Doubles Plus 1
By Ted Warren
Double strokes are one of the first things most drummers learn to play . Because of our familiarity with this rudiment , we tend develop the ability to play double strokes without having to think about it too much . This muscle memory will come in handy as I demonstrate some ways we can spice up double stroke ideas to make them more interesting and a little less symmetrical . It ’ s a very simple concept . Simply add one extra beat to any double stroke idea by adding one stroke with the foot , specifically on the bass drum .
If we look at exercises 1A and 1B , we see that the idea is one set of doubles in either hand , and one bass drum note . I ’ ve written these first examples in 5 / 8 just to stress that all the notes in the bar are of equal length and all the notes should be eighth notes , with no break between the bass drum note and the next set of doubles . The rest of the examples will be in 4 / 4 , both because we get some great over-the-bar line phrasing , and it occurs much more frequently .
will help us hear the phrase in 4 / 4 and , as promised , I have only written out four bars of the pattern even though the five-beat pattern keeps moving thorough the phrase . Take your time with this as the coordination involved might be tricky at first .
Ex . 1E , 1F , and 1G are some possible orchestrations of this idea with the hands on different surfaces . Then in Ex . 1G we have substituted the hihat for the bass drum in the idea with the bass drum now playing quarter notes . Play through the previous examples this way too . Finally , I have the original idea written out as triplets and you can go through all the previous examples using this rhythmic grid ( Ex . 1I ).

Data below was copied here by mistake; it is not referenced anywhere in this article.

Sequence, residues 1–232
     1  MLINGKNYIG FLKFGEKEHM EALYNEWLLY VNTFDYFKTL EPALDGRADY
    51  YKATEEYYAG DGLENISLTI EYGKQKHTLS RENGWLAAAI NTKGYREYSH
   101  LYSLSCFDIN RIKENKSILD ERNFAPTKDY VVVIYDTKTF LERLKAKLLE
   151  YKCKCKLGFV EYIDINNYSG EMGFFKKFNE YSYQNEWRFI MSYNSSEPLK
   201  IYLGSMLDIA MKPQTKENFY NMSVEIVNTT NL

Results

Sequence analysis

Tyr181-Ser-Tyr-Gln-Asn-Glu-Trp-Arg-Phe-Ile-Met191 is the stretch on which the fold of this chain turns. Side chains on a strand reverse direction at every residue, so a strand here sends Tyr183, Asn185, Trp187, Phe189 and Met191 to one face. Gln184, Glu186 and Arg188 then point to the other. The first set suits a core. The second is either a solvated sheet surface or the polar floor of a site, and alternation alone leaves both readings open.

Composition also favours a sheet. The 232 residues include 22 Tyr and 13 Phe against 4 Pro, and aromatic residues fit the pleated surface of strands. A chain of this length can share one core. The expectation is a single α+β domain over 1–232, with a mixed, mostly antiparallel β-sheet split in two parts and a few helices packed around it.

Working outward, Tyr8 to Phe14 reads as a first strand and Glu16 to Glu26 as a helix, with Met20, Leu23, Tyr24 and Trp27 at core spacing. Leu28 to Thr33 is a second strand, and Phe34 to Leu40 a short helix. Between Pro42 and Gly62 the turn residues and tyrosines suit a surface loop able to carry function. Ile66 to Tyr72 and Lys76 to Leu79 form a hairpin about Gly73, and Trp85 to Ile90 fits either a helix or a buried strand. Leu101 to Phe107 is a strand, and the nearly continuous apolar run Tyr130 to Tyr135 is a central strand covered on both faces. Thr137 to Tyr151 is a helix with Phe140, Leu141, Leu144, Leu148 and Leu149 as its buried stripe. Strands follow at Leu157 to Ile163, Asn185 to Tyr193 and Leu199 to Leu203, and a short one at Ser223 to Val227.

Ex . 1E
Ex . 1F
Ex . 1A Ex . 1B
Ex . 1G
Now , as we move both the stickings over to 4 / 4 , it may be difficult at first to hear where you are in the home time signature . I would recommend counting out the quarter notes in the bar at first , until you start to hear how the five-beat figure goes over the bar line . Ex . 1C
I think it ’ s important to note that even if you don ’ t end up using these ideas on a gig tonight ( and if the gig is a country or R & B one , please don ’ t !), you will gain a greater sense of freedom in your phrasing and coordination . Always play for the music , and have fun ! Ex . 1H
Ex . 1I
Note Ex . 1C : In this case , I have written out the full ten bars it takes for the idea to come back to where it started , but this is the only time I ’ m going to do this . I ’ m approaching the phrasing this way because : 1 ) As we get into seven- and nine-note ideas , the whole pattern written out gets extremely long ; and 2 ) More importantly , it ’ s better to develop the ability to hear how the five-beat idea works in four- , eight- , and 12-bar segments , rather than simply counting to 10 and starting over . There ’ s not a ton of tunes out there with 10-bar forms ! Also , play Ex . 1C starting with your left hand .
Ex . 1D
Now with Ex . 1D , we are getting the hi-hat with our left foot involved , which
Ex . 1J
Ted Warren teaches at the University of Guelph and is a well-regarded clinician and adjudicator . Ted has worked with many acclaimed performers , including Mel Torme , Rob McConnell , Slide Hampton , Bob Newhart , Maynard Ferguson , Lew Soloff , Chuck Mangione , Jeff Healey , Norma Winstone , Sheila Jordan , Howard Johnson , Nick Brignola , Kenny Wheeler , and Jerry Bergonzi .
60 CANADIAN MUSICIAN